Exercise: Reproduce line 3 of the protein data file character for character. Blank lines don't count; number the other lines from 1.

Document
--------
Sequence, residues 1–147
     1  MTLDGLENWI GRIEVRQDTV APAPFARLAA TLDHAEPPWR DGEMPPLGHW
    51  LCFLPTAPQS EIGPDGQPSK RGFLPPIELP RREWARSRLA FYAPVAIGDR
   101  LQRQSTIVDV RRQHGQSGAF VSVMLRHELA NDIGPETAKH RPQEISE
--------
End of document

    51  LCFLPTAPQS EIGPDGQPSK RGFLPPIELP RREWARSRLA FYAPVAIGDR